PA Farm Show: Todays Agriculture

by Danielle @ Itsaharleyyylife on January 7, 2013

in Weekend Fun

If you are from Pennsylvania especially in the Susquehanna Valley you know about the PA Farm Show.
If you don’t, you should do some research because this is the 96th year!
Hundreds of Thousands of people I’m sure come to the largest indoor agricultural exposition in the country, with nearly 6,000 animals, 10,000 competitive exhibits and 300 commercial exhibits. It’s pretty much a big deal. If you don’t like animals or aren’t a farmer you will still enjoy the show because of the FOOD! oh boy the food!

I go every year but this year there is something new at the farm show.
PennAg Industries Association created a barn! Yep you heard me right… a barn in the middle of the farm show! Inside it: Today’s Agriculture! I’ve been following their progress on facebook and let me tell you seeing it up close and personal… it is pretty amazing.
PennAg gave some of us PA Bloggers a tour of inside. Not only did we learn about how animals spend their day and their life span but also about their nutritious value to living a healthy lifestyle.
Let’s go inside shall we.
dairy and beef cow
When we first entered the barn we were welcomed by the Beef Ambassadors. I never heard of this group before so I can’t wait to do some research about them and find out more about the BOLD Survey. {more on that in a later post!}.
The Beef Ambassadors talked to us about Beef Cows. They make your Ground Beef, Steaks, Roasts, Ribs, Briskets and Beef Jerkey. Another fact market weight is usually 1200-1400 pounds or 18 to 22 months of age.
There are 29 lean beef meats. That means they have 10 grams of fat or less and have the words tender or round before them.

The next cows we were introduced to were Dairy Cows. {the two bottom pictures} This was actually a local farmer from Berks County that talked to us! {PS: it is nice to know that local food is really LOCAL.} A dairy calf weighs between 90 and 100 pounds at birth. A heifer becomes a cow when she delivers her first calf, at about two years of age. That is when they can produce milk. On average, A cow will have a calf once a year. Milk is very good for you. It has 9 essential vitamins and you should have 3 servings of dairy a day. That can be milk, greek yogurt, etc.
veal cows
Next up were the Veal Cows. Usually I don’t mind the whole seeing the animal and then knowing that I am going to eat them thing but when it comes to veal cows, I probably won’t ever eat them after this experience. Veal calves only live for 20-22 weeks before they are killed. In their first couple of weeks alive they live by themselves in a very small area. Then when they grow up a little they live with a friend in a little bigger of an area. The point of this is they don’t want the calf to move a lot because that means oxygen will get into their muscles. Veal is usually whiter and tender because oxygen doesn’t get to their muscles.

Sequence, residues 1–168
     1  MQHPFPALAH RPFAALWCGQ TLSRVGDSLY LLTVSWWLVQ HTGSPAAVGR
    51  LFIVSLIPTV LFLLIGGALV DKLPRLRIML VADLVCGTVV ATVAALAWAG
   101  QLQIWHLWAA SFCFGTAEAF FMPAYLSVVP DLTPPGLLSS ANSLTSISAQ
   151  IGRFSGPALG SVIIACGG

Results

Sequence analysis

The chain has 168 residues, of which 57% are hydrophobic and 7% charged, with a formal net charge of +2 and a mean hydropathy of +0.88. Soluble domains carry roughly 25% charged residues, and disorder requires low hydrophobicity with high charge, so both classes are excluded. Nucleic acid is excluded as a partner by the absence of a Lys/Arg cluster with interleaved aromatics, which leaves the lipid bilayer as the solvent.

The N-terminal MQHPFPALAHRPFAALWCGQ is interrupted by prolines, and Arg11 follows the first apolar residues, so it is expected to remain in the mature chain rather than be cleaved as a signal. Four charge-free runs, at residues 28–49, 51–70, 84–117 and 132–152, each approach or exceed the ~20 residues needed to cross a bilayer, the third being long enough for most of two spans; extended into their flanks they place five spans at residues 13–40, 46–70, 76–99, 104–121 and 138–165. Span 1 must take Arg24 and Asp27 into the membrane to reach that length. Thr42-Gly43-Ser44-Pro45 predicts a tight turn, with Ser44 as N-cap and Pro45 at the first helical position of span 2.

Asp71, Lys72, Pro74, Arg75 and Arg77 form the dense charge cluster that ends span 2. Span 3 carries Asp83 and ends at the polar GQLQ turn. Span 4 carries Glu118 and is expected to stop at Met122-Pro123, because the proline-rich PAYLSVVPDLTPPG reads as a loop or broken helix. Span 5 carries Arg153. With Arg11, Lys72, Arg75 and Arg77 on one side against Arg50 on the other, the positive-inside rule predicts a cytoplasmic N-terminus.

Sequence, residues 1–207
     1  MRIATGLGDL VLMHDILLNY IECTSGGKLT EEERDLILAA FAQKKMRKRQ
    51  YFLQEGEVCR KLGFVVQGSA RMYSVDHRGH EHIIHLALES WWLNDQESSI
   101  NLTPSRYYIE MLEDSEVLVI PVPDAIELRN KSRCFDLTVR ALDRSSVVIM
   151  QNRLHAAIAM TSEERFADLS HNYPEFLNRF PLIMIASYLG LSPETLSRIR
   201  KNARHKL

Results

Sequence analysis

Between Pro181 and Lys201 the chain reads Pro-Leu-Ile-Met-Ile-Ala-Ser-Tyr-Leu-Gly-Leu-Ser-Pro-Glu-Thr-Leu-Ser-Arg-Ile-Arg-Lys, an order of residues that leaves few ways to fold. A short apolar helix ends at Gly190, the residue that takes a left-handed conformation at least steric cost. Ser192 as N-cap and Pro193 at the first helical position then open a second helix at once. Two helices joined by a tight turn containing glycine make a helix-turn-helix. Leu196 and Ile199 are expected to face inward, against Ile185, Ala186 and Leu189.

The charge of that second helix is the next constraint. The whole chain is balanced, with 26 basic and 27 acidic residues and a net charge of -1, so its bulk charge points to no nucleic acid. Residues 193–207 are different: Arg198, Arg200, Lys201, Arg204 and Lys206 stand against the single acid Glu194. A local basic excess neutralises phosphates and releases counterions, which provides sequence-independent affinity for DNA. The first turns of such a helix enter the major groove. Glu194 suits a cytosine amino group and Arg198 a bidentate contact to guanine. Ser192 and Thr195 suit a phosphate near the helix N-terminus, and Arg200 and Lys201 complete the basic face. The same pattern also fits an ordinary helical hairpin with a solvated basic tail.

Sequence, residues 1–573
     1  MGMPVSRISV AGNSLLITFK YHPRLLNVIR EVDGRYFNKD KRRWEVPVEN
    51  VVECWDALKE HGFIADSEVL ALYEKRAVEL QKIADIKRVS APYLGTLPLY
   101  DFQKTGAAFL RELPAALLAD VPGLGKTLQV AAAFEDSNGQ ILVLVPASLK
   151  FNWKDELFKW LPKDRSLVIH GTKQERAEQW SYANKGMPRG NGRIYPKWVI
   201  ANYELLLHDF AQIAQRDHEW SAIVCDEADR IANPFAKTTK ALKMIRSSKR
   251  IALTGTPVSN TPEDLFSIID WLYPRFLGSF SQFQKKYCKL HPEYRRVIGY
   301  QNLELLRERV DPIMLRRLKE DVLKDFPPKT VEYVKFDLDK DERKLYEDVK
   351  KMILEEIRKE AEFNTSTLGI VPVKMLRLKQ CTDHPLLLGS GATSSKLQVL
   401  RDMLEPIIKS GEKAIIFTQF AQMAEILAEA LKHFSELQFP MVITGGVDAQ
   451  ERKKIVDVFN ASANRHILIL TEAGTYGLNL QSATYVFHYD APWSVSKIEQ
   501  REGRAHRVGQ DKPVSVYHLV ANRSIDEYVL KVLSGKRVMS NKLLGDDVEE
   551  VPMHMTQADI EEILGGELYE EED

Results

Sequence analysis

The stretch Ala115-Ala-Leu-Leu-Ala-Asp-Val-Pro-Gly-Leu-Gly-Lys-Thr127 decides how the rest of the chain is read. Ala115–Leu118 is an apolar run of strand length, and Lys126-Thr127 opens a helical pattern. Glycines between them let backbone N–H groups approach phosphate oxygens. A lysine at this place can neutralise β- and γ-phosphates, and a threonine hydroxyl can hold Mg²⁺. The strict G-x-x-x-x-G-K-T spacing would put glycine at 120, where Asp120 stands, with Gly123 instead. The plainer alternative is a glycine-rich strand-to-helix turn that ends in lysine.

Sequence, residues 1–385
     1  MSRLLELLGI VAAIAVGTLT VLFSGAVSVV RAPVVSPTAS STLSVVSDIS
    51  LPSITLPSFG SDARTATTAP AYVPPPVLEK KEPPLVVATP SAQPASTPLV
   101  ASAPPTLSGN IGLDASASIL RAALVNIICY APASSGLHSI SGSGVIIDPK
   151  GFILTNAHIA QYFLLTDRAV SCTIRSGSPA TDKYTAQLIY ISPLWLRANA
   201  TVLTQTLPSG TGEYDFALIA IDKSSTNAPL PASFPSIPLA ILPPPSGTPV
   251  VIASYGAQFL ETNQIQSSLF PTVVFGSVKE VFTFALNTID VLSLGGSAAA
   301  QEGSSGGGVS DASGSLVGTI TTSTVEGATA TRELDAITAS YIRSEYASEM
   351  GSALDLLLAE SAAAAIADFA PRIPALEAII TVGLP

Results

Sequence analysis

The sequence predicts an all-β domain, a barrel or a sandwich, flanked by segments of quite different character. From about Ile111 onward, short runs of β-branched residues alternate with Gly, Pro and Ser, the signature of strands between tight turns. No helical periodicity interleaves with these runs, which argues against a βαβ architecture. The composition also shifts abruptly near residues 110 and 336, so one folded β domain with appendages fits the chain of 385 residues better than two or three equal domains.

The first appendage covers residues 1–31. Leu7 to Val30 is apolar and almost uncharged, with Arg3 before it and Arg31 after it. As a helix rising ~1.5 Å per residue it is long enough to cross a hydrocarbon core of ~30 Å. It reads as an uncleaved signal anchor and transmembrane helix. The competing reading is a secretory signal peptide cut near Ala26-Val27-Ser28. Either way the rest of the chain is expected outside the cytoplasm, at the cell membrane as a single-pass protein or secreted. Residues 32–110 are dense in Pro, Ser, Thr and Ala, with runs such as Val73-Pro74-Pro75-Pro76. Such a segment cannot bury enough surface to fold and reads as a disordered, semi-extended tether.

Products of veal are cutlets, steaks, chops, osso bucco,roasts and ground veal.
The reason I kind of feel bad for veal cows is because they can never get up and move around and go out and play in the grass before they are killed. I’m fine with eating animals but I want them to live life first… you with me?

Next up: Poultry. That is domestic birds, such as chickens, turkeys and duck that are raised for meat or eggs.
We first looked at the Hens. They lay about an egg a day for 150 weeks. Brown eggs come from a chicken with a red ear lobe; white eggs come from a chicken with a white ear lobe. What I also found interesting was that when you see Omega 3 eggs or different type of eggs like that it is actually in the feed. Whatever the hen eats is what extra nutrients are in the eggs.

We also saw ducks and turkeys in this portion. Turkeys are raised for 8-20 weeks depending on the turkeys weight. {seriously the male turkeys freak me out!} Ducks are made for market 40 days after hatching.

turkey and pigs
Pigs were next. Pigs live in different barns, based on their age. Sow barns house pregnant sows and sows that just gave birth to piglets. Piglets are raised in nursery barns until about 50 pounds. Pigs move to a finisher barn, where farmers raise them to about 270 pounds and send them to market to make pork products. The average sow {which you can see on the bottom right} will have two litters within a year.

I think I had more fun petting the little piglet.

After the pigs we headed outside where they had big tractors {that seriously cost more than houses}, corn and soybean plants.
Corn seed cost A LOT of money. When a seed is planted it takes about 90 days to harvest and then it is mostly fed to the animals.
Soybeans take about 70 days to harvest. Humans eat soybeans as tofu, in oil or roasted as a bean. Edamame is a green (immature) soybean.

That was the end of the tour. It was great but the next part as a foodie myself was even better! The FOOD!511
PennAg took us to their VIP station where we were waited on and served anything we wanted that they made.
I chose the tortilla crusted tilapia sandwich, chicken corn soup and of course the famous chocolate milkshake! Seriously my readers if you go to the farm show you need to get this milkshake. It definitely isn’t healthy but it is made with real milk! (: {so that makes it a little better!}

This was such a great experience. I seriously learned so much about the food I eat daily that I never even knew before! PennAg {especially Melissa!} is a great group that I can’t thank enough for inviting us to this event.
and another opportunity to hang out with these lovely ladies is always awesome! (: I’m so happy I met them!
The blogging community is the best!

Questions: What is one thing you learned from this event? Are you going to go to the PA Farm Show?

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